The TARDIS arrives at the planet Samur, a strategic location in Rutan space which was once the site of fierce fighting between the Rutans and Sontarans. The planet is now coated in a colorful form of mold, with no other signs of life, at least until a Sontaran ship crashes. Only a few of its warrior crew is left alive, but they’ve lost their sealed order. When the Sontarans round up the TARDIS travelers and learn that one of them is the Doctor, they assume that their orders are somehow related to the capture and execution of the Time Lord and his companions. There are only things that save the Doctor, Tegan, Nyssa, and Turlough: this platoon of Sontarans is more inept than most, and Samur may not be as uninhabited as it looks.
Cast: Peter Davison (The Doctor), Janet Fielding (Tegan Jovanka), Mark Strickson (Turlough), Sarah Sutton (Nyssa), John Banks (Fleet Marshal Stabb / Trooper Jorr / Witch Guard), Duncan Wisbey (Field-Major Thurr / Adjutant / Orbital Command), Alex Lowe (Sergeant Mezz / Trooper Nold), Andrew Fettes (Corporal Clun), Derek Carlyle (Trooper Vend)
Notes: This is the first Big Finish audio story to feature the Sontarans (an enemy Peter Davison’s Doctor never met on television), though they had appeared in a few stand-alone stories (Silent Warrior, Old Soldiers, Conduct Unbecoming) in Audio Adventures In Time & Space series produced by BBV, a company whose audio releases came to an end a few years after Big Finish picked up the Doctor Who license. Nyssa mentions her husband and children (hinted at in part four of Circular Time), but keeps them a secret from the Doctor because of the events of that story, which remains in the Doctor’s future. TV Sontarans Linx (The Time Warrior) and Styre (The Sontaran Experiment) are also mentioned, as is the Sontarans’ defeat at Gallifrey (The Invasion Of Time). Sontarans were shown to be vulnerable to coronic acid in The Two Doctors.
Timeline: for the Doctor, Tegan and Turlough: between Enlightenment and The King’s Demons; for Nyssa: 50 years after Terminus. This story takes place after The Cradle Of The Snake and before Kiss Of Death.
LogBook entry and TheatEar review by Earl Green
Review: It sometimes seems as though science fiction fandoms get their hackles raised at the slightest hint that the writers or producers of their favorite show are going to attempt a comedy storyline. (I’m reminded of my early 20s, when I worked at an adult contemporary format radio station and was told by management to tone down my tendency to write funny commercial scripts because “adults don’t laugh.”) Heroes Of Sontar is one of those instances. Clearly influenced by the portrayal of the Sontarans in the new TV series and in The Sarah Jane Adventures, Heroes Of Sontar doesn’t take its titular “stars” very seriously. They’re a bumbling, short-statured force of ineptitude, and even the Doctor notes that this platoon of Sontaran warriors isn’t up to the standard of the Sontaran enemies he’s faced in the past.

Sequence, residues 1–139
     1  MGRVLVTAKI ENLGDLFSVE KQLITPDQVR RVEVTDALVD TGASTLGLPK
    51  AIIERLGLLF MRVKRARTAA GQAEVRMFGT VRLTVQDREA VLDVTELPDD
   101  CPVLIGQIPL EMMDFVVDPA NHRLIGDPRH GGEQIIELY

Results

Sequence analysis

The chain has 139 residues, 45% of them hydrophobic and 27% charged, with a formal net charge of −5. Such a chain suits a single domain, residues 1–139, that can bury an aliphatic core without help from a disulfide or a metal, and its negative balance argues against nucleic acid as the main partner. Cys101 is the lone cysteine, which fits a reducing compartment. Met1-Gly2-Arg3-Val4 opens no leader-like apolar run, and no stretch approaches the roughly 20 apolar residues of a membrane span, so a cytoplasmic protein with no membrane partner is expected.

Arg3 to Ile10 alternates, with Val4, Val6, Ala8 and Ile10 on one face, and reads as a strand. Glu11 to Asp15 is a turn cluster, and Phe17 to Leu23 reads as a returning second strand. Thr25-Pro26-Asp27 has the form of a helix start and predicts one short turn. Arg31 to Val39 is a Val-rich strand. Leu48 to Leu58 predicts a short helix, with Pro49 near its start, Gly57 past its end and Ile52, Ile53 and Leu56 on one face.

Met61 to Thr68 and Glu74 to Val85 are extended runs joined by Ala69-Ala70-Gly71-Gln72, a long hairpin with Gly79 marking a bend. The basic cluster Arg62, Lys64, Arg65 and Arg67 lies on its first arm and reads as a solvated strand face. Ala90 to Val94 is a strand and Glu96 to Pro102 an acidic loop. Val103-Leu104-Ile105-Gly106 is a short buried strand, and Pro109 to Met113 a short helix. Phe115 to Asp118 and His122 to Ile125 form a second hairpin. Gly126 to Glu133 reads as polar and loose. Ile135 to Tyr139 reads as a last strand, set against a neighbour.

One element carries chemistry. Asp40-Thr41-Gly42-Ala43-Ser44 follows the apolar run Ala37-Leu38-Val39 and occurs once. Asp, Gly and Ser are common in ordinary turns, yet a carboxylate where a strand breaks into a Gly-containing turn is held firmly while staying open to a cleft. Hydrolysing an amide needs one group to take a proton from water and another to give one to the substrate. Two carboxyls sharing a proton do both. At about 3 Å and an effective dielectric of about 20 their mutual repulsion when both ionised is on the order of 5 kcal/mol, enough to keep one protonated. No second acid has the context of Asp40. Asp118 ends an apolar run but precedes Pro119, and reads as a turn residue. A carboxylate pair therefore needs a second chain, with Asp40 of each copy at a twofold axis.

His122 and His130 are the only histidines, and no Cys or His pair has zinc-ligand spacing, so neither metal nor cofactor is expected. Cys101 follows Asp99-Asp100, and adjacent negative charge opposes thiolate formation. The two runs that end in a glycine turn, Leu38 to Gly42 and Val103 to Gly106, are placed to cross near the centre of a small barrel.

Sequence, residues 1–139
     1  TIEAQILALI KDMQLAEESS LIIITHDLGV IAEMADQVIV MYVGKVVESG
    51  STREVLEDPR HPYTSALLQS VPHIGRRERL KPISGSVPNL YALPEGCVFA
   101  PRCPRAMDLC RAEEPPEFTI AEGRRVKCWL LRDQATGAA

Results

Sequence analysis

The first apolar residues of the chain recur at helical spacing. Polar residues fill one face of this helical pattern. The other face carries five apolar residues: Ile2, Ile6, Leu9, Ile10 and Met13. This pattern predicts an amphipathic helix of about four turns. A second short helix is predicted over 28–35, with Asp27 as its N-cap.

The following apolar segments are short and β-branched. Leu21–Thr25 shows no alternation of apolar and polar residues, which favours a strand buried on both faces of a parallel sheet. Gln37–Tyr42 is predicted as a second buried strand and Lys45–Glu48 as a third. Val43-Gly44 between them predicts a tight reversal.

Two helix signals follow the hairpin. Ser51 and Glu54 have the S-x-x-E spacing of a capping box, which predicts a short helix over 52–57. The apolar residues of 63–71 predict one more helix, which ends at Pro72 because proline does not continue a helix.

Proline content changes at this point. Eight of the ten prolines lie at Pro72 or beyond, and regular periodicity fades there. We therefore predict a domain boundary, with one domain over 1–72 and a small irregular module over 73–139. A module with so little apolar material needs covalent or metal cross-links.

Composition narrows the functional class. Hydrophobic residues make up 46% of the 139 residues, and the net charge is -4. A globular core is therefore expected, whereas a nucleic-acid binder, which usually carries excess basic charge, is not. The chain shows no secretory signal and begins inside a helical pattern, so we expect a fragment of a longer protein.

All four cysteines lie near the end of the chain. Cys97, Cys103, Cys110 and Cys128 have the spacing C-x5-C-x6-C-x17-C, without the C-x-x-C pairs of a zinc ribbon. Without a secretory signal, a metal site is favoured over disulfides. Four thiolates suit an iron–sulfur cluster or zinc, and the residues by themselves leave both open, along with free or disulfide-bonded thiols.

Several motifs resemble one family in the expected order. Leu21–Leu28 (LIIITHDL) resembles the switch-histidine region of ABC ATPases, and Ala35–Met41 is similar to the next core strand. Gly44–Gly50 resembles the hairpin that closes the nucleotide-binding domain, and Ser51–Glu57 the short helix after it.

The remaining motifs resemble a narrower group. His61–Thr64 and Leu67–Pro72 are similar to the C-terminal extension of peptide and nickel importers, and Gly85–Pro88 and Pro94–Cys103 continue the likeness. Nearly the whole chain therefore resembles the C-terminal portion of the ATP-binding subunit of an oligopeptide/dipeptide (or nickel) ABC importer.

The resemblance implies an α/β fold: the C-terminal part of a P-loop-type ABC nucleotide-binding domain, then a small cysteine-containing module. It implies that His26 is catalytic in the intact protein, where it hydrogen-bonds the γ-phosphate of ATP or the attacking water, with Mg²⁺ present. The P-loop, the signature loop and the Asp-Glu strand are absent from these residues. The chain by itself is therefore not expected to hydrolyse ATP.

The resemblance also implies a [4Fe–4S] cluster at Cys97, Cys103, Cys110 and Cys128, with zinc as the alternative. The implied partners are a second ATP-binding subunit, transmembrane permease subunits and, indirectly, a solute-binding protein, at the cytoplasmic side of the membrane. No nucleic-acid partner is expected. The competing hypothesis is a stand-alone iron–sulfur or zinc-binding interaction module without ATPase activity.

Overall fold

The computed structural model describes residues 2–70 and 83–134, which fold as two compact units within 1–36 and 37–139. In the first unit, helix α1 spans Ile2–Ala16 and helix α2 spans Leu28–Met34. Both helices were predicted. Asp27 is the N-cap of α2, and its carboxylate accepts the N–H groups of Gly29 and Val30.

Fortunately, the story has a reason for that, and it’s a fairly dark and dramatic one. That’s the real charm of Heroes Of Sontar: the contrast between comedy and drama heightens both ends of the story. The funny scenes work because the Davison-era cast gets to attack a script loaded with British verbal comedy, full of dry humor, delicious insults, and ironic juxtaposition galore. Nyssa is relegated to something of a damsel in distress role (shades of Kinda and Terminus), rendered helpless and dying slowly thanks to the local flora, while Tegan gets to shamelessly insult Sontarans and Turlough’s legendary cowardly streak (which is emphasized moreher than normal) is examined for both its comedic and dramatic angles. The script probably doesn’t do anyone any major favors in the character development department, but it’s definitely funny.
The fate of the Sontarans, and in particular the sympathetically inept Trooper Vend, turns out to be a bit tragic, so the script doesn’t mercilessly poke fun at them. Even though Heroes Of Sontar starts out sounding like it’s about to stick to the comedy interpretation of the Sontarans from the recent television series, but it veers into different directions altogether, both funny and scary.